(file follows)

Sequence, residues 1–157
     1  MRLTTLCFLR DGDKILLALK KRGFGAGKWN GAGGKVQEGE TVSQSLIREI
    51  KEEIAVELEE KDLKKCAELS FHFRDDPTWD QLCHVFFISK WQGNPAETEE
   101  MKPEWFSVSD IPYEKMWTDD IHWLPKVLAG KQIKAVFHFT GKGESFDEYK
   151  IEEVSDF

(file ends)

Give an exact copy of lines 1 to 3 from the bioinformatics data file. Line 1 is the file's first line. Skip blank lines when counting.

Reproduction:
Sequence, residues 1–157
     1  MRLTTLCFLR DGDKILLALK KRGFGAGKWN GAGGKVQEGE TVSQSLIREI
    51  KEEIAVELEE KDLKKCAELS FHFRDDPTWD QLCHVFFISK WQGNPAETEE